ICC Cricket World Cup 2011 / News
Hold Associates debate after World Cup - Strauss
February 21, 2011
News : Ireland to let their cricket do the talking
News : Ponting says fewer teams is better for World Cup
Analysis : Where do the minnows go from here?
News : Players and coaches round on ICC Associates decision
News : Canada coach slams ICC decision
News : ICC sticks to plan for ten-team World Cup
In Focus: Axing the associates
Players/Officials: Andrew Strauss
Series/Tournaments: ICC Cricket World Cup
The debate on Associate nations participating in future World Cups should be on hold till the current tournament has ended, Andrew Strauss, the England captain, has said. The ICC last week announced it would stick to its plans for a ten-nation World Cup in 2015, one that has been criticised by the Associate nations who feel deprived of an opportunity to play at the highest level.
Canada and Kenya, two of the four Associate countries playing this World Cup, were at the receiving end of big defeats in their opening games. Even Ricky Ponting, the Australia captain, supported the idea of a World Cup with fewer teams. Strauss, however, urged patience.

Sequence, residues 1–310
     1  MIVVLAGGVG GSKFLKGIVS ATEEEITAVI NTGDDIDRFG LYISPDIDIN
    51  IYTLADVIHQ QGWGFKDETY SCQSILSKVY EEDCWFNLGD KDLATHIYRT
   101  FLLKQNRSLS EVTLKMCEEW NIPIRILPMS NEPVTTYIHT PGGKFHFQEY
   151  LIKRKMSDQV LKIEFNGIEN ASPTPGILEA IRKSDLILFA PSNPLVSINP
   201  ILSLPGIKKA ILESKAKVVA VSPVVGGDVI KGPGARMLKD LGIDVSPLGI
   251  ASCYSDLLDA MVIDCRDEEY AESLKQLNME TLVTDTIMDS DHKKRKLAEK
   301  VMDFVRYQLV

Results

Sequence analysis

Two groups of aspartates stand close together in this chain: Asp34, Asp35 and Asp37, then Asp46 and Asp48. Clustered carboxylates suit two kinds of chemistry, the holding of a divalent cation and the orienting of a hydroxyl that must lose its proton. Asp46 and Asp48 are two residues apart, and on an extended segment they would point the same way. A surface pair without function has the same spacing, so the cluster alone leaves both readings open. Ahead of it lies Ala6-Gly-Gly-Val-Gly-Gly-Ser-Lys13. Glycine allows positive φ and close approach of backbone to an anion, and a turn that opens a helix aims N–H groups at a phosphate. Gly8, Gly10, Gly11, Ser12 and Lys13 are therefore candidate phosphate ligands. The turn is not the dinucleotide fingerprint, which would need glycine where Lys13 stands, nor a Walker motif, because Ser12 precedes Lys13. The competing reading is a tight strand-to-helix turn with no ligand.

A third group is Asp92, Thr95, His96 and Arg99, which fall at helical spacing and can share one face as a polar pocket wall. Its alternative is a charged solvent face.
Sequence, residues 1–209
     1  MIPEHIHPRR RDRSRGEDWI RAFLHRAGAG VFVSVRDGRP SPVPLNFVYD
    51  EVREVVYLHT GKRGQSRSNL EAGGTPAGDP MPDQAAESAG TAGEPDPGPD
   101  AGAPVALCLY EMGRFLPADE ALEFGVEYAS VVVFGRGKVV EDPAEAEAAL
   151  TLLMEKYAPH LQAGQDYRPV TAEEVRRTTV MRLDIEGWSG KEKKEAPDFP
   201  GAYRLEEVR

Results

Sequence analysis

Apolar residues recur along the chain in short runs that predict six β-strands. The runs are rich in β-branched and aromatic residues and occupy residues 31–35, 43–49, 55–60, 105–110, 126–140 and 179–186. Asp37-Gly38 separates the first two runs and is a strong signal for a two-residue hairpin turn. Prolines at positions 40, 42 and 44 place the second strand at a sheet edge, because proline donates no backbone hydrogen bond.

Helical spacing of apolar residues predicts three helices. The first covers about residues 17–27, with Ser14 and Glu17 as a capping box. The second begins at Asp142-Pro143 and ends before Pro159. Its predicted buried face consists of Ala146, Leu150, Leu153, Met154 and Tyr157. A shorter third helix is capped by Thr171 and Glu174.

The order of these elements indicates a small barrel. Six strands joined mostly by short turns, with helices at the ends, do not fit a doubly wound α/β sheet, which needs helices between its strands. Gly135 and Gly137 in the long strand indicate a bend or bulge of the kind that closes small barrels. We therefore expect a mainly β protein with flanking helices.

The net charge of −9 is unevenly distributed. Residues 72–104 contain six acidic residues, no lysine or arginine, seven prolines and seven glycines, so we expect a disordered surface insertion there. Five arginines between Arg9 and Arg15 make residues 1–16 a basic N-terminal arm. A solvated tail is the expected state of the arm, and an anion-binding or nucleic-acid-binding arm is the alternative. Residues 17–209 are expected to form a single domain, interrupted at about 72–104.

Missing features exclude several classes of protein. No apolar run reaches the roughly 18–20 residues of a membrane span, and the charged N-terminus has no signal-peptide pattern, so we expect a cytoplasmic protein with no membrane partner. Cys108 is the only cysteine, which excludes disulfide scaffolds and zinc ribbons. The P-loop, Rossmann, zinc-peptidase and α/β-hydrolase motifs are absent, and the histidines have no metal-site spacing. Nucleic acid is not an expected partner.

"It's easy to jump to that conclusion after seeing the games played yesterday (Sunday)," Strauss told reporters in Nagpur on the eve of England's opening game of the World Cup, against Netherlands. "My view on this is let the tournament finish first and then draw any conclusions that need to be drawn."
England were beaten by Netherlands at Lord's in 2009 in what was the opening game of the World Twenty20 that year. In their warm-up game ahead of this tournament, they hung on to a 16-run win against Canada after Rizwan Cheema had given the minnows a realistic chance of an upset.
"We played Canada (in a warm-up) and they gave us a good game but let's see how the tournament plays out first and then I think it will be obvious what the right formula is going forward," Strauss said. "Ireland (also in England's group) and the Netherlands are two strong Associate nations so they are certainly capable of causing a couple of upsets.
"It [the defeat to Netherlands in the World Twenty20] underlines the point that you can't under-estimate sides like Holland. If we are 10 percent off and they have a good day, we are in trouble."
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